Seattle Police Chief Kathleen O’Toole said the department’s policy on enforcement of federal immigration laws remains in place, despite a Trump presidency.
Despite threats of reduced federal funding, a Seattle Police Department policy barring officers from inquiring about a person’s immigration status will not change, Chief Kathleen O’Toole said Tuesday.
“As affirmed by Mayor Murray, the city of Seattle remains committed to values of equality, inclusion and openness,” O’Toole said. “So does the Seattle Police Department.”
O’Toole’s announcement follows earlier statements from Murray and King County Executive Dow Constantine signaling that they would defy President-elect Donald Trump on immigration policy, even if it results in cuts in federal funding.
On Monday, Los Angeles police chief Charlie Beck also said his department would not change its longstanding policy of staying out of immigration issues.
Most Read Local Stories
- Get ready for possible freezing temperatures in the Seattle area
- Fall surge of COVID-19 is hitting Washington, state officials warn
- Coronavirus daily news updates, October 20: What to know today about COVID-19 in the Seattle area, Washington state and the world VIEW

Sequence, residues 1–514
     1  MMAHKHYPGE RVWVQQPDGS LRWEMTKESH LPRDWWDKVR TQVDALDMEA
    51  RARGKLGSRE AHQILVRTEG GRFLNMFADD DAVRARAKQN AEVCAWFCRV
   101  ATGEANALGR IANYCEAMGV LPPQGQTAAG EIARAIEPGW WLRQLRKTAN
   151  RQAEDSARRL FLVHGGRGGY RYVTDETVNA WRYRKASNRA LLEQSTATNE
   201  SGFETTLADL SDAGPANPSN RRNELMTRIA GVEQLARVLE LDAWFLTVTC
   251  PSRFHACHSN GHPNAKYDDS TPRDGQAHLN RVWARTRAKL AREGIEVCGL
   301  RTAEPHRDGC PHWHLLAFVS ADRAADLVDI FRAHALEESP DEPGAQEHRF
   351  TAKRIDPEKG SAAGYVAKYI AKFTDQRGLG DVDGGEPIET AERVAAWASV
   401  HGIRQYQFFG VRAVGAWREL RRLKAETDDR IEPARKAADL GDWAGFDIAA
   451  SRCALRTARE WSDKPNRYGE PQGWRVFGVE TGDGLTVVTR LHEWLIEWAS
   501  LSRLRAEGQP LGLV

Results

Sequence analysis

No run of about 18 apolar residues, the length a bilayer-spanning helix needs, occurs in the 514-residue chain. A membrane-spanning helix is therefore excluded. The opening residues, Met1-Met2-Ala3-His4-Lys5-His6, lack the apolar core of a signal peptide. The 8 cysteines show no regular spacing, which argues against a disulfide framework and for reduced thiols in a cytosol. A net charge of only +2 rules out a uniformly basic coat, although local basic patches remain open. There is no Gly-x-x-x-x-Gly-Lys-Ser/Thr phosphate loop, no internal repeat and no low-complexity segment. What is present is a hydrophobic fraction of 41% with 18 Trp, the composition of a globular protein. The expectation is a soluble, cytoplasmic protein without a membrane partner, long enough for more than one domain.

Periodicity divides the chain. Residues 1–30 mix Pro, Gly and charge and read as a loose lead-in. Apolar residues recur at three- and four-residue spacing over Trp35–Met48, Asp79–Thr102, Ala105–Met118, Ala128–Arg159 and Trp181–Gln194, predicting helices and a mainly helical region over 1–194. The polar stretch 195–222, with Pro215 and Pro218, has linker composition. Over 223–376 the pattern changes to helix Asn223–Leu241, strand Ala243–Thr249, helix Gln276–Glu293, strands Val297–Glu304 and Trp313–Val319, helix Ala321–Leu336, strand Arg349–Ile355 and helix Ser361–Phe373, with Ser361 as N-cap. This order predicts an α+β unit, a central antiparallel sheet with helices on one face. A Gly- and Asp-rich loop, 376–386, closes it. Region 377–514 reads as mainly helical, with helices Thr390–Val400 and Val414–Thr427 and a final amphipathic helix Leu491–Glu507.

- COVID-19 vaccine distribution plan unveiled for Washington state
- Inslee announces new COVID-19 restrictions at Washington colleges in response to outbreaks
Since his election, Donald Trump has vowed to crack down on so-called “sanctuary cities” that employ a range of policies to protect undocumented immigrants. In recent interviews, Trump pledged to block federal taxpayer dollars from going to any city that does not comply.
The Seattle policy stems from a 2003 ordinance barring officers from asking about a person’s immigration status without reasonable suspicion that the person has been previously deported or has committed a felony, unless required to by law or a court order.
O’Toole, in a separate statement, said: “I have a lengthy track record on this issue. It’s important that the most vulnerable know they can trust their local police. Most major city chiefs are totally aligned on this issue.
“Certainly, we’ll go after people involved in guns, gangs, drugs and exploitation, whether documented or undocumented. But we’re not going to turn our backs on the most vulnerable who need our services and support.”